Discovery Cube’s “Crater Formation”

Discovery Cube’s “Crater Formation”

When you look at the Moon, you will notice it has a lot of craters. You might even observe differences in the various craters like size and shape. This activity will help you understand how craters form.

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Scroll down to read real reviews from educators and parents with helpful tips and tricks!

Time Needed:
30-45 minutes
1st Grade
Space Science
Educator Rating:
Parent Rating:

What I'll Learn

Learn how meteor impacts form craters on the Moon’s surface.

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Before you begin, watch this video by SciShow Kids:

What to Do

What I Need

What to Do: Step-by-Step Instructions


Fill the pan ¾ full of flour.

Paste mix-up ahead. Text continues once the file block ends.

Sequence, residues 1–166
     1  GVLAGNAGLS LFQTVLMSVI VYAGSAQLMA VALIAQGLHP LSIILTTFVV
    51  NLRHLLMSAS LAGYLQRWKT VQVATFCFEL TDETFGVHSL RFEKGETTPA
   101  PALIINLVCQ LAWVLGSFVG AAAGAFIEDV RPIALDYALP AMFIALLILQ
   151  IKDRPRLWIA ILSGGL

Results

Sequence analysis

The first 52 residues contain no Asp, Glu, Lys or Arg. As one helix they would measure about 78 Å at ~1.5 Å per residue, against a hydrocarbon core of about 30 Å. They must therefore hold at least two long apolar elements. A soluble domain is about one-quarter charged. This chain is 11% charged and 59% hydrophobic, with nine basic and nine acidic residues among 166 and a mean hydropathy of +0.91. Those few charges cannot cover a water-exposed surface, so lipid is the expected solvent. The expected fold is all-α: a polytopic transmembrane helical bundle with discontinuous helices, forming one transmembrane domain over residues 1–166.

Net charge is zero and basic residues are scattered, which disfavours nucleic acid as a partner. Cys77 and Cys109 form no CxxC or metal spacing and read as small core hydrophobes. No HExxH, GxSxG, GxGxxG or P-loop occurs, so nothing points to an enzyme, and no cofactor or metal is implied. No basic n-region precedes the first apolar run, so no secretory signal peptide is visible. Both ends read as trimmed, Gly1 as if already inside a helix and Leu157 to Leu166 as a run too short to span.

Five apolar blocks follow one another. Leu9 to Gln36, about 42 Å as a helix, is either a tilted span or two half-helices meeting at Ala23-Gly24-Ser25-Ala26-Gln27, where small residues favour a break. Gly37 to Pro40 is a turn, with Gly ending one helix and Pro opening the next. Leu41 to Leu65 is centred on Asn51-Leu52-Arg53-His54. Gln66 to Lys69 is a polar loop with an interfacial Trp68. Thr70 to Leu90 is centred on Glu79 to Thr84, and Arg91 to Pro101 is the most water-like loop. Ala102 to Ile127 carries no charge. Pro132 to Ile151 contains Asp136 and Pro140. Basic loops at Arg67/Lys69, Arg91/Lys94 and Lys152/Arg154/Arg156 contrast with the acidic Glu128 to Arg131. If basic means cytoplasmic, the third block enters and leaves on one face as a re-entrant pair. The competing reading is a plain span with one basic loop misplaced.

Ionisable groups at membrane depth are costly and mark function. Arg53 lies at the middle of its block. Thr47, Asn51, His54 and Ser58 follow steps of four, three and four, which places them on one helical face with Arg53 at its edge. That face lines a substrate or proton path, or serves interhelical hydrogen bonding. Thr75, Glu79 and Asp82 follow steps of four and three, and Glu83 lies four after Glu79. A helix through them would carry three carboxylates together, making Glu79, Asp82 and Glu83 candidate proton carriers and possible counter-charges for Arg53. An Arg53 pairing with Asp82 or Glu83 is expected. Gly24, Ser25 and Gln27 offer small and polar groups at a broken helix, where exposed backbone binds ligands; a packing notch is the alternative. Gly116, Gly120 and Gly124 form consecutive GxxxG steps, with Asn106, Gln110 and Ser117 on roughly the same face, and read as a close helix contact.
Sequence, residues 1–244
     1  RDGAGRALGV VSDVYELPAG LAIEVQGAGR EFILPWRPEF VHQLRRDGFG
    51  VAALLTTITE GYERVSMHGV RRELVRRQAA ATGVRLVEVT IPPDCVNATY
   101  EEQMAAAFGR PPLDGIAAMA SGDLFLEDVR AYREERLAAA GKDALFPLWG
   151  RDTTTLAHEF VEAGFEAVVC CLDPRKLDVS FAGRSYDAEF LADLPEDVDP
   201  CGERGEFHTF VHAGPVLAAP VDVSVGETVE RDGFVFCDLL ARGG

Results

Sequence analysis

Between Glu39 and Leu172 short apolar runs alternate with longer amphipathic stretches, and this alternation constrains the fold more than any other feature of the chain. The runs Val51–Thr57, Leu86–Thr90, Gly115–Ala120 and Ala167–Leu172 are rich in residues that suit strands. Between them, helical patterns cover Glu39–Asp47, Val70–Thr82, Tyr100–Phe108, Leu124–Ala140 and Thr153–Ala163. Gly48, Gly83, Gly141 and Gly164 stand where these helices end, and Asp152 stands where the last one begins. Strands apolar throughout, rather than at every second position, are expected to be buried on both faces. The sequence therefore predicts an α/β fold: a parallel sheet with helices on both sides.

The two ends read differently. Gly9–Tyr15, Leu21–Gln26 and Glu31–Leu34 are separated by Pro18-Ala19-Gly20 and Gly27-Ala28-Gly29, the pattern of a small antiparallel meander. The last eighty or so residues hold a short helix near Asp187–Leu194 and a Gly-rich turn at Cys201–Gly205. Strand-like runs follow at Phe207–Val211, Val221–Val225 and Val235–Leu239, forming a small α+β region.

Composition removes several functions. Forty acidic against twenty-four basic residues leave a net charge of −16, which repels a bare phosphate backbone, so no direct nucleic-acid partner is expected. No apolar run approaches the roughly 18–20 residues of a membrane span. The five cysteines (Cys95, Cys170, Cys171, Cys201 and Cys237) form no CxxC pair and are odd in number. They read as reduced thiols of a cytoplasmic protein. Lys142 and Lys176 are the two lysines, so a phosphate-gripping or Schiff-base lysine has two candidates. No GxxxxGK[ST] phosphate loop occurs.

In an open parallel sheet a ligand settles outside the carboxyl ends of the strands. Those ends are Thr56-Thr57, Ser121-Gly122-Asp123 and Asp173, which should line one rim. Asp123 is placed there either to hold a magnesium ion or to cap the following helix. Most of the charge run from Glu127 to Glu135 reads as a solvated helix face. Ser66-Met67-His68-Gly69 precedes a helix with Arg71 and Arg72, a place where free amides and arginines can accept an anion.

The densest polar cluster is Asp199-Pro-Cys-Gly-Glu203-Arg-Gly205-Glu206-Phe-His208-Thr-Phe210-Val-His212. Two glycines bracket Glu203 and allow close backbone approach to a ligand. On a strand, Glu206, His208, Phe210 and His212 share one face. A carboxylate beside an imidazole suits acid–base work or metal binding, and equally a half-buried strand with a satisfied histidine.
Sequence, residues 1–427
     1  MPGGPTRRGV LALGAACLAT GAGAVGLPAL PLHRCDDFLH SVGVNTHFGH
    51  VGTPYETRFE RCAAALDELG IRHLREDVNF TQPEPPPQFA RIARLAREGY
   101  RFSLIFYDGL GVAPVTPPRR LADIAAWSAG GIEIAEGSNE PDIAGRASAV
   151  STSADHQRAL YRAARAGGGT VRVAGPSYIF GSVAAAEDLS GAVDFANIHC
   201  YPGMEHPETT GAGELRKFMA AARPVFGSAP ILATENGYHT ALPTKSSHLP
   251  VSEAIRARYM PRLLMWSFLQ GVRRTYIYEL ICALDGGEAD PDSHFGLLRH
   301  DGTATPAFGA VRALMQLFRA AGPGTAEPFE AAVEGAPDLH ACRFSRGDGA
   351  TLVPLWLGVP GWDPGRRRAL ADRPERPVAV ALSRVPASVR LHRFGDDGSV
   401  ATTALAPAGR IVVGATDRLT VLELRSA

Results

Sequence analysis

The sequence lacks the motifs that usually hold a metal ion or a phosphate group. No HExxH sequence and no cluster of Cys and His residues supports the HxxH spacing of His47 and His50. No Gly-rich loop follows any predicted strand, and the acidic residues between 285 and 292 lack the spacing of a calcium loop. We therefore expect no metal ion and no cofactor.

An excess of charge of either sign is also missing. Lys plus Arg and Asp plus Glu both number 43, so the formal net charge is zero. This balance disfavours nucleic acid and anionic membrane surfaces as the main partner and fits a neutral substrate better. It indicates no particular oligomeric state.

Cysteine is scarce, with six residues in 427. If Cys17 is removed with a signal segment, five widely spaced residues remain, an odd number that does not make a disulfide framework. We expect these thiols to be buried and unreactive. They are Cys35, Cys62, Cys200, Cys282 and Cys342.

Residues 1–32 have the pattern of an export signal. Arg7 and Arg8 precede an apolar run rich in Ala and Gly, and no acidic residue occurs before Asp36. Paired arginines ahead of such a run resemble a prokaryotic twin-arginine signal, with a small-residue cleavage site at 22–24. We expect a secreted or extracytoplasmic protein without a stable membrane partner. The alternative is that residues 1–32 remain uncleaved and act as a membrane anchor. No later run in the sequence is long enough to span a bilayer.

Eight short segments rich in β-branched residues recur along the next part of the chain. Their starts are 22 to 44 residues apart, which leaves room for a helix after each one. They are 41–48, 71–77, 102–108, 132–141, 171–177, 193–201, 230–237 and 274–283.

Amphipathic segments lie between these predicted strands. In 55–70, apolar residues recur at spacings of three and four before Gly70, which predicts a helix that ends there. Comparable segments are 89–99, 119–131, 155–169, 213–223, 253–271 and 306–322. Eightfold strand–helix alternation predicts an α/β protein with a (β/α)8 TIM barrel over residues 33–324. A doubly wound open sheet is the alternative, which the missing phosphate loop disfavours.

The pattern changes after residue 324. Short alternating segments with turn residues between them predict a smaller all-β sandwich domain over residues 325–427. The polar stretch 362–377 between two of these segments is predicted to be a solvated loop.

On top of the flour, lightly sprinkle a thin layer of cocoa powder, dry coffee grounds, pepper, or another dark powder found in your kitchen.

Tips & Tricks:

If you have a sifter, you can use it to help you spread a thin layer of your dark kitchen powder.

Drop a marble or small rock into the pan.  What happened?

Carefully remove the marble without disturbing the surrounding flour.

Use the ruler to measure the width and depth of the crater.

Fun Fact:

The Moon’s surface is covered in craters.  They come from meteors or asteroids crashing into the surface of the Moon.  The Moon has no atmosphere, which means there is no wind, weather, or plants.  When an asteroid hits the Moon, there is nothing to erase the mark from the crater.  This is why we can see the impact of so many asteroids and meteors on the Moon (and not on Earth!).

Drop the same marble or rock from a different height or gently throw it from a different angle.  How does this impact compare to your first?

Drop your other marbles or rocks from different heights and different angles.  Do different sized marbles/rocks make different sized craters?  Does the height or angle make a difference?

When you are done, what patterns do you see?
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